The above analysis strongly indicated that most of the old paper and wax capacitors were at best in marginal to failed condition and because of that,  there was a good chance some of the related resistors had been stressed and were performing outside of spec.  I decided to replace all the affected capacitors and those resistors that could potentially fail. Particular attention was paid to the high value resistors as they tend to vary greatly as they age.

Below is a picture of the (almost) completed work on the high value resistor has to be changed and I'm waiting for a supplies order to arrive so I can do that.

New components
The radio now plays really well with strong volume and surprisingly sensitive tuning.  The tube pin voltages are now pretty much in spec except those affected by R21, which will be replaced as soon as the supplies order arrives.

Below is the Voltage Measurement chart updated to this point.  The highlighted numbers are the correlated cap and resistor anomalous readings that should resolve after R21 is replaced.

Updated Pin Voltages

While waiting for parts, I turned to the cosmetics.  The case was thoroughly cleaned with a very gentle solution of dish washing detergent and soft bristle brush.  Bakelite is not like other plastics; you cannot "polish" a dull case as the original shine was baked on and cannot be restored if removed. There are some methods for emulating a bakelite shine, but luckily, I did not have to employ them here.  As it turned out, this case is really nice and the shine was preserved as a soft ebony glow which is what you want with unpainted bakelite. After cleaning and removing a couple of old paint spots, I waxed it with a carnuba based automobile wax. 

The front metal grill was in pretty good shape and I touched up a couple of places that were stained. The dial lens was a little hazy so I used a plastic cleaning compound to clear it up.  The yellow tint is patina and a function of the radio being 77 years old. I don't try to rub out the tint as I think it makes the radio look original and adds to the character. Further, it in no way affects the dial light's ability to individually illuminate the station numbers. 

The picture at the beginning of this article is the finished radio.

©2015 David Simons Big River Mercantile

Wednesday, July 8, 2015

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Instructions for the Care and Operation of Your Westinghouse Clock Radio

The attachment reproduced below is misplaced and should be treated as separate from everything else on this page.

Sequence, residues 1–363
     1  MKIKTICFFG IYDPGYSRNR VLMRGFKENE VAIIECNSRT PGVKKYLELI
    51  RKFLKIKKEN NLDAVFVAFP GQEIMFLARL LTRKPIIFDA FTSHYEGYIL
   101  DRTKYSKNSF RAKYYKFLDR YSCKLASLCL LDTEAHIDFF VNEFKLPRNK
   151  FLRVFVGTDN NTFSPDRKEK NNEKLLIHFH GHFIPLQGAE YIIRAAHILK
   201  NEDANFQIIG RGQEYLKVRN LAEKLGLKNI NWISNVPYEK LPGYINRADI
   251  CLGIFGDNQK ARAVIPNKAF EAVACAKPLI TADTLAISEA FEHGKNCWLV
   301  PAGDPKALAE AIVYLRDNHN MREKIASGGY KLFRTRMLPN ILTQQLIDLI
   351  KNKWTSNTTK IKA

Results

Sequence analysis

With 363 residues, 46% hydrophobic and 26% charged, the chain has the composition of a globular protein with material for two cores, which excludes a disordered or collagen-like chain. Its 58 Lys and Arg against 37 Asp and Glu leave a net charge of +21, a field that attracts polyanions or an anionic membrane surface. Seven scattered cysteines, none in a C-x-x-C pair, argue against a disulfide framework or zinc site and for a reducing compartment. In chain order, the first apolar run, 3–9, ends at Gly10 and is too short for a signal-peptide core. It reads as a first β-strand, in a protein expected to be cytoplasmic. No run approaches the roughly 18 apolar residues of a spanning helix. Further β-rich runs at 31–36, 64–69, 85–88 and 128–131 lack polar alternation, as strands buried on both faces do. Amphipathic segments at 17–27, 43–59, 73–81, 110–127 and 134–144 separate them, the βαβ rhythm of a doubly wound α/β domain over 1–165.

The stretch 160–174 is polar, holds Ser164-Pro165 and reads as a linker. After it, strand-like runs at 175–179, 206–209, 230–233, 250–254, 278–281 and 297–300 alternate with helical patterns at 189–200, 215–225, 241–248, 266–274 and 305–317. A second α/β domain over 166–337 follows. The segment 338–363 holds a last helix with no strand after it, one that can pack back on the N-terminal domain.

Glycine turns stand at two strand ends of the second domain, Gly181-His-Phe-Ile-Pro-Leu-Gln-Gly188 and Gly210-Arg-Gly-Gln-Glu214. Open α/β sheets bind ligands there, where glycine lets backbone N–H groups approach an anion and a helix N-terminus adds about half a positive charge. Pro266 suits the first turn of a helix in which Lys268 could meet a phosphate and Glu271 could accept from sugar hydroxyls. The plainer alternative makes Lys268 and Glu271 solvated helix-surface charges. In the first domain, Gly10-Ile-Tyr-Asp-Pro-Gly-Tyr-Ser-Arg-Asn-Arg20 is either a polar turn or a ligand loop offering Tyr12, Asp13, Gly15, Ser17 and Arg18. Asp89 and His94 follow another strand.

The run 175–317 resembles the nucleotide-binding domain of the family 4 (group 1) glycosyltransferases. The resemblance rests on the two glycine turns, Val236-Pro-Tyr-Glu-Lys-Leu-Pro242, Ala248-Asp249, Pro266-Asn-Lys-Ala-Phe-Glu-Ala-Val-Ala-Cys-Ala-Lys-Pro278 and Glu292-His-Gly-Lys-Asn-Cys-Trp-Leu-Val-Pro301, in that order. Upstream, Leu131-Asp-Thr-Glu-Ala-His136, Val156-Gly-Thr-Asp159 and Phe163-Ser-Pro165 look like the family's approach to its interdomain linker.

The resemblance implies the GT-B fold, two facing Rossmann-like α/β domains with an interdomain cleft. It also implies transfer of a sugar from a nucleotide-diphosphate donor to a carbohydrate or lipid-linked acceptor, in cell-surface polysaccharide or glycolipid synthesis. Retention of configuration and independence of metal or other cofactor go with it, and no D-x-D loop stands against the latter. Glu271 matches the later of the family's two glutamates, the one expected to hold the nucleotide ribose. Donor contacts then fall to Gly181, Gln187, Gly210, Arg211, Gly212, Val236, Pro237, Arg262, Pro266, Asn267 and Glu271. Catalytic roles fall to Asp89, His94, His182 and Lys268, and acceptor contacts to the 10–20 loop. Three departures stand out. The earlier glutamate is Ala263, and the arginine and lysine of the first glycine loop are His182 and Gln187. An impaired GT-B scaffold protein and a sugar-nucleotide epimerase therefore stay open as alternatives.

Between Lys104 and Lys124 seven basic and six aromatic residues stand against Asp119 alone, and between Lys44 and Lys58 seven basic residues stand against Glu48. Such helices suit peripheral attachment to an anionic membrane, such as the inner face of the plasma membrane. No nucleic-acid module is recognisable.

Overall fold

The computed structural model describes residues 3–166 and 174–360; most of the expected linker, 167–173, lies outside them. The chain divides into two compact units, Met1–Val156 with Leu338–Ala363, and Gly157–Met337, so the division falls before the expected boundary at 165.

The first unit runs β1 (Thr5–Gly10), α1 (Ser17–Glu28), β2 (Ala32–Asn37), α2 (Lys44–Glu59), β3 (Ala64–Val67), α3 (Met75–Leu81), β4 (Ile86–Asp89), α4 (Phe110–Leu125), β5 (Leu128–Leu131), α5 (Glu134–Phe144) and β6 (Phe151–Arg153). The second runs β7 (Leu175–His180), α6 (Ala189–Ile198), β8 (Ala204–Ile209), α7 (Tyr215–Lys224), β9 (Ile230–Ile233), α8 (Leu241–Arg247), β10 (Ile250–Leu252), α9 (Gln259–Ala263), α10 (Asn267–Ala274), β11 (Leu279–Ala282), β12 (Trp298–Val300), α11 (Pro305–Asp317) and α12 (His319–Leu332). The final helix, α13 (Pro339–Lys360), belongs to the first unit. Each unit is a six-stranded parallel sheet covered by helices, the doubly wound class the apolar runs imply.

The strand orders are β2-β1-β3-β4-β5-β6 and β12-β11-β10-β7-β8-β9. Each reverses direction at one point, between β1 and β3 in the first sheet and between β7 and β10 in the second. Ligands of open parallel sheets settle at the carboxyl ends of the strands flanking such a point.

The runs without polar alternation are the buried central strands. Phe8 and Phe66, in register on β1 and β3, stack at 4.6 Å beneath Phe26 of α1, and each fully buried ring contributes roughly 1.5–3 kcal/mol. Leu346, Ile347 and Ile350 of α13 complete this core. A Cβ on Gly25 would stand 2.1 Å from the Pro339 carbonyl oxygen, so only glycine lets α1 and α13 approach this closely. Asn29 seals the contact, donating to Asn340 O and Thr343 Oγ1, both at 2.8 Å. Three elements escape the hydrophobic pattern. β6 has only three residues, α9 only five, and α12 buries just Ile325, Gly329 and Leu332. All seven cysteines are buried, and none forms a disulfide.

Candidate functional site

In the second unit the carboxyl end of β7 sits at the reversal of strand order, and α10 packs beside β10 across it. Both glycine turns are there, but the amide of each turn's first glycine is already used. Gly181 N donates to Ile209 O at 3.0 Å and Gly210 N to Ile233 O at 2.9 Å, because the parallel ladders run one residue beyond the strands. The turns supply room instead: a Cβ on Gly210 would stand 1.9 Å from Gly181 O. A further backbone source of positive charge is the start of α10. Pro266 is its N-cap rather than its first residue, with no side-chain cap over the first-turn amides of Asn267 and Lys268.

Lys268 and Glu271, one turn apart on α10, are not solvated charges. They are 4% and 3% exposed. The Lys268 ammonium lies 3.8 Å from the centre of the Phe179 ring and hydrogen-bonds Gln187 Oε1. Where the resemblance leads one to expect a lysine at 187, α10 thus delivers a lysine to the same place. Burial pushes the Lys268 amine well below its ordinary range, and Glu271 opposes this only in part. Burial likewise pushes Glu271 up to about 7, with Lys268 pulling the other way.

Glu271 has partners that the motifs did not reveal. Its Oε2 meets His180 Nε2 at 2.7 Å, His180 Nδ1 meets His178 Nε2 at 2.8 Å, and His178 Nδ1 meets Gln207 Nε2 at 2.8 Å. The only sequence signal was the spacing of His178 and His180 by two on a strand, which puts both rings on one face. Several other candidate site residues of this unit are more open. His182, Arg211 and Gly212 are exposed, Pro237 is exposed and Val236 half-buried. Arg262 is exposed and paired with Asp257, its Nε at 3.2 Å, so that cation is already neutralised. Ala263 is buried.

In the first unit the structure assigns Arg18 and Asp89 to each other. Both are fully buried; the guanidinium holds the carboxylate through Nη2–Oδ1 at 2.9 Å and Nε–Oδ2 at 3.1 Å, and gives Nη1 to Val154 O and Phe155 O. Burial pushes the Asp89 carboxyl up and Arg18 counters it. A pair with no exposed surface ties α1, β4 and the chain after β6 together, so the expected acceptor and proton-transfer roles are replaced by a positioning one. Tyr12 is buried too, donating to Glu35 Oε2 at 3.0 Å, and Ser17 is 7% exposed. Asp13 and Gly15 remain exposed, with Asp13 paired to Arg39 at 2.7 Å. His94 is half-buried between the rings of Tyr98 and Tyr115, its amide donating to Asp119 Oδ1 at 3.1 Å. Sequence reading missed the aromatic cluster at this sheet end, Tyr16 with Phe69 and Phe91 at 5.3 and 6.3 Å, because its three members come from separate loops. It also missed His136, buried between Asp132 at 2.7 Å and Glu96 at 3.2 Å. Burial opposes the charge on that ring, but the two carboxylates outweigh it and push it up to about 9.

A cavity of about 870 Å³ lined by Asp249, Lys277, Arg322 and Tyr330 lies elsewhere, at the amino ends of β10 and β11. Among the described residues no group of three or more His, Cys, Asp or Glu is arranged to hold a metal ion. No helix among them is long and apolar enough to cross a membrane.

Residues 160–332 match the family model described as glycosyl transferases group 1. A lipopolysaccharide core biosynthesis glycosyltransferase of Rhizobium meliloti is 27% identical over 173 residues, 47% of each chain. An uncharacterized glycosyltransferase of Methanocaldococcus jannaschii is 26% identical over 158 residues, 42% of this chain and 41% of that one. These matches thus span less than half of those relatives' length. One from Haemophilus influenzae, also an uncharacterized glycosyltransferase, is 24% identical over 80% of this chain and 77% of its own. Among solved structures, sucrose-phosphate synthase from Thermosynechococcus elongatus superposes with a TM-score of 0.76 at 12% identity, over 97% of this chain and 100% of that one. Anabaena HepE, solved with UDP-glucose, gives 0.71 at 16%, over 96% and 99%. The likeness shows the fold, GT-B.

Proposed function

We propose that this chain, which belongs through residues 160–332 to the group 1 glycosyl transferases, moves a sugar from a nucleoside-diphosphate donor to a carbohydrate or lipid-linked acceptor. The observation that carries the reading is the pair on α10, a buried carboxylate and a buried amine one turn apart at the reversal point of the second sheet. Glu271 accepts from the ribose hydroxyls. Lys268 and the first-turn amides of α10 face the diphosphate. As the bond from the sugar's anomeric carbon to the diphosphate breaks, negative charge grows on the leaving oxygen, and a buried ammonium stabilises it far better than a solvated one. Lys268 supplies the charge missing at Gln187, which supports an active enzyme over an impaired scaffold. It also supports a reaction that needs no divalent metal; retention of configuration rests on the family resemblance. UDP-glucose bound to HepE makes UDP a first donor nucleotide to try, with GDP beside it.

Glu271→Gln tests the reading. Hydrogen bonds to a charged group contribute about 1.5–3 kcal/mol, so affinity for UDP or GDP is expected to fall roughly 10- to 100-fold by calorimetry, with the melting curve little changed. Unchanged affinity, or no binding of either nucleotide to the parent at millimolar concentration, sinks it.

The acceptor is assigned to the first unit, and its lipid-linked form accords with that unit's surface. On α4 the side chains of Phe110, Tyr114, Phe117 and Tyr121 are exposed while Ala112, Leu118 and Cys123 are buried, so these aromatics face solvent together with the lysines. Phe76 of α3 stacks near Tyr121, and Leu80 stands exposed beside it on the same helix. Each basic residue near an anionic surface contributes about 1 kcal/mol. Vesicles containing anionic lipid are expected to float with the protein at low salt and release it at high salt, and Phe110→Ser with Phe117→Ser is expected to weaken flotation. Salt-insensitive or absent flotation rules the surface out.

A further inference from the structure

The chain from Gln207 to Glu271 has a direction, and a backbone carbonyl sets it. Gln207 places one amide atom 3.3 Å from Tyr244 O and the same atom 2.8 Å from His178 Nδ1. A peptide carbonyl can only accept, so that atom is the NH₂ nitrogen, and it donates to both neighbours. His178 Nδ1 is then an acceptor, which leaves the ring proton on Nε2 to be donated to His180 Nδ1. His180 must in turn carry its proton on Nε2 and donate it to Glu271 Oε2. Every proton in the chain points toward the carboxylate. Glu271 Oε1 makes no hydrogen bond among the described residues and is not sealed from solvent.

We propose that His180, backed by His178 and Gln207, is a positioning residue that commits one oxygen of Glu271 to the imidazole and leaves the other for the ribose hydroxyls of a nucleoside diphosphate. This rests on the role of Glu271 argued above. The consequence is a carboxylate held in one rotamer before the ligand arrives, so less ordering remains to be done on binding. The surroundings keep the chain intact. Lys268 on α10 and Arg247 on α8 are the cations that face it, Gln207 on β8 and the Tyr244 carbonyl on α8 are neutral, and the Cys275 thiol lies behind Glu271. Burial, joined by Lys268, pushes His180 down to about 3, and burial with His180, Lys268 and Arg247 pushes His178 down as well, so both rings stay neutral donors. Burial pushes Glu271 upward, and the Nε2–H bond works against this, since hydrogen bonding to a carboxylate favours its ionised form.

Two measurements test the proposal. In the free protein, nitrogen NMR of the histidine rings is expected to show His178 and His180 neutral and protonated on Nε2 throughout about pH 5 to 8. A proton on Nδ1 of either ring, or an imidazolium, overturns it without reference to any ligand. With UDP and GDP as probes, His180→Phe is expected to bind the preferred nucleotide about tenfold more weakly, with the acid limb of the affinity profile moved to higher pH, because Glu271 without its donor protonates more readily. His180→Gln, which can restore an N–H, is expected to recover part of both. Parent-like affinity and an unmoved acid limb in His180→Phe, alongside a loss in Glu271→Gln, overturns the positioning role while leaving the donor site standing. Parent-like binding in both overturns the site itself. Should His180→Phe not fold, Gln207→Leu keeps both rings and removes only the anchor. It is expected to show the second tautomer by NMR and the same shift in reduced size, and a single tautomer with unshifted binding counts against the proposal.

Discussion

In the 1950's, there was hardly a home anywhere that didn't have a Westinghouse TV, refrigerator or radio. The 1957 model clock radio was unique in its 'TV' look, and was produced in more or less the same case for the next several years.

The 1957 model is the nicest with its gold tone clock background and really high quality hard plastic case.

These old radios, once restored are reliable and trouble free with just a minimum of care and maintenance.


1. Do not place the radio in direct sunlight. Also, make sure the area where the radio is placed is open with plenty of ventilation.  Tube radios generate a fair amount of heat which needs space to dissipate.

2. The high gloss plastic case on this radio is easy to clean. Fingerprints, dust and dirt can easily be removed with a damp cloth and little mild dish washing detergent.  Be sure to rinse any soap residue off the case with a clean wet rag. 

3. DO NOT use any abrasives as they will scratch and damage the plastic. Likewise, solvents and citrus cleaners should not be used.

4. Radios restored in our shop will have a protective coat of carnuba wax applied.  This should last a long while &but if you want to wax it, use a high grade automotive wax with carnuba and NO CLEANERS. The process is identical to waxing a car; apply, let it dry and buff it off,

5. We have found that soft toothbrush is effective in cleaning all the grooves on the speaker side of the radio.  It also works for cleaning gunk out of the knurls on the tuning and volume knobs. If the knobs are incredibly dirty they can be pulled off and soaked in a solution of water and gentle dish detergent.


1. Plug it in and make sure the clock is running.  

2. To turn the radio on, rotate the right hand switch from the 'off' position to the 'on' position.  These are printed on the clock face and the knob has a molded pointer.  

3. The alarm function can be set with these knobs.  Once set, rotate the knob pointer to 'Radio Alarm'. The radio will then come on at the set time.

4. Although these radios can be played for long periods of time, remember they are 60 to 70 years old and are not designed to operate hour after hour.  We recommend no more than 6 hours a day, although it can remain plugged in so the clock operates.

© 2015 Big River Mercantile

Tuesday, July 7, 2015

Instructions for Use & Care of Your Truetone Mod. D2216B Table Radio

Truetone was the in-house brand name for radios made for Western Auto stores. These radios are known for their high quality construction, great sound and unique appearance.

The D2216 B featured is a tube type AM table radio housed in a rich brown bakelite case and manufactured in 1954.  Featuring a combination clock/alarm, this model was distinguished from other radios in its price range by its glass dial lenses, gold tone metal grill and high-end components. Design-wise, it has a traditional look that was popular in that period.